Besides the easterly jet, the El Nino effect on summer monsoon is noteworthy. Whenever this unusually warm ocean current is produced near the Peruvian coast in South America, the amount of precipitation in the coastal regions is unusually high.
It has also been observed that appearance of the E1 Nino makes the easterly jet weaker. So the pressure in the high over the oceanic area does not rise to the desired level with the result that the strength of the summer monsoon diminishes.
Part of the energy for tropical easterly jet steam comes from the intense heating of middle and upper troposphere above the Tibetan Plateau. At this point it may be worthwhile to mention that there is a sensible heat transfer from the elevated surfaces of the Himalayas and Tibet to the atmosphere.
Besides this, the large amounts of latent heat released by monsoon rains over India are also added to the upper tropospheric anticyclone. However, the interactions between Indian summer monsoon regime and Tibet Plateau are far from being simple.
Thus, the presence of Tibet Highland is very important even if there is no significant barrier effect on the flow of air. It shows the meridional cross-section of the Indian summer monsoon and its relationship with the Tibetan- Himalayan massif.
It may be pointed out that the tropical easterly jet stream first develops in longitudes east of India, and then extends westwards across India and the Arabian Sea to eastern Africa.
This upper-level easterly jet creates flow of air on the southern side of Tibetan Plateau that reaches down to low levels over northernmost India. During summer the insolational heating of air over Tibet Plateau weakens the western subtropical jet stream south of the Himalayas with the resultant reversal of pressure gradient and wind flow over northern India.
All these conditions set the stage for the burst of southwest monsoon over the Indian sub-continent. It is at this time of the year that the Intertropical Convergence is displaced to its northernmost limit over the subcontinent at about 25°N.
The deep and unstable current of warm and moist southwesterly air drawn towards the Intertropical Convergence is known as the southwest summer monsoon. According to Trewartha, the southwest monsoon is, in fact, only the equatorial westerlies displaced to the north.
In October the conditions are reversed. The middle and upper tropospheric anticyclone over Tibetan Plateau disintegrates. The tropical easterly jet stream becomes non-existent. On the contrary, the subtropical westerly jet stream re-establishes itself over northern India with the result that the summer monsoon retreats towards the south.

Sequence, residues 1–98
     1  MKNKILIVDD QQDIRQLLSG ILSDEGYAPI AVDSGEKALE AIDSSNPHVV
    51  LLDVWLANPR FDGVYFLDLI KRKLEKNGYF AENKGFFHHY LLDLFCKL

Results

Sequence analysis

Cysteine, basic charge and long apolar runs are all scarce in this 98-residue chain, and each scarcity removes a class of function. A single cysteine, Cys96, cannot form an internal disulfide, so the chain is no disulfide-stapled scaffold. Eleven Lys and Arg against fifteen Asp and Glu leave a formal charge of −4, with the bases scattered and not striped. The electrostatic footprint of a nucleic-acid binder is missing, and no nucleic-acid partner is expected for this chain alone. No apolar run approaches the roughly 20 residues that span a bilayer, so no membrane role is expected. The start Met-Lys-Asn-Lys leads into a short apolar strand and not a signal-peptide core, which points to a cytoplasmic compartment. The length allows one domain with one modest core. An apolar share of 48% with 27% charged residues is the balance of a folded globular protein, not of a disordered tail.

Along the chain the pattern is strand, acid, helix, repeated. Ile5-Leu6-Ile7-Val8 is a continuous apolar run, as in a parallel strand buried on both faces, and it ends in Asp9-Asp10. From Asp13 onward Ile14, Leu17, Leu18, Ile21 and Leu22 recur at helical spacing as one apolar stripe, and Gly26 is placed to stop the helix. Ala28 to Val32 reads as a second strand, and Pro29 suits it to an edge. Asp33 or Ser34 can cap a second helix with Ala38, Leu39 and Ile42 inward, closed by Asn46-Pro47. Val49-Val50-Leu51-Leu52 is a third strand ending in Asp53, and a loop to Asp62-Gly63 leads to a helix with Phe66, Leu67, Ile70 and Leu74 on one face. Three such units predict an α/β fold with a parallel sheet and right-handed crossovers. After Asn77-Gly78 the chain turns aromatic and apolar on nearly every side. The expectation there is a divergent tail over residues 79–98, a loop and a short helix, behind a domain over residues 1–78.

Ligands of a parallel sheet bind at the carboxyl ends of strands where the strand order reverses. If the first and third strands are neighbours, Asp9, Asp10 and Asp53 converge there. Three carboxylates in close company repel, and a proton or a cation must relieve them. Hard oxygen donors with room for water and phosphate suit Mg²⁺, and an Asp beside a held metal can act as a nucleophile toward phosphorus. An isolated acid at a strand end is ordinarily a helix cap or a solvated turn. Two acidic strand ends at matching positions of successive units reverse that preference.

According to Koteswaram the development of an anticyclone over Tibet Plateau is closely related to the burst of Indian summer monsoon. However, R. Frost does not agree with Koteswaram regarding the explanation of the burst of the monsoon.
He is convinced that the breakdown of the lower tropopause boundary brought about by intense insolational heating of the atmosphere below the 200 mb level, and the advectional or dynamic cooling of the air above it are mainly responsible for the onset of the monsoon over the Indian sub-continent.
Frost holds that the advent of the monsoon does not follow the displacement of the jet stream north of Tibet. It rather precedes the same.
Flohn, while fully appreciating the significant role played by Tibetan Highland in causing sudden eruption of the surface equatorial westerly flow at the beginning of June, considers the periodical change of wind direction on the surface and aloft to be the result or normal seasonal migration of the planetary circulation zones.
In his opinion, the so-called winter monsoon over India is simply the re-establishment of the northeast trades prevailing in these latitudes. Undoubtedly, the southward displacement of the thermal equator as well as the NITC (Northern Intertropical Convergence) brings back the north-easterly trade winds during winter.
On the other hand, he considers the southwest monsoon to be a northward expansion of the equatorial corresponding to the westerly equatorial winds. According to Flohn’s hypothesis, the Indian summer monsoon is not the northward prolongation of southern trade winds.
On the contrary, it should be deemed to represent northward shift of the belt of equatorial westerlies.
The origin of winter monsoon from the thermal high-pressure system developed over northwestern India due to the intense cooling of the land areas, according to this hypothesis, appears to be doubtful. It has now been firmly established that these highs are too shallow to cause a reversal of the prevailing wind direction.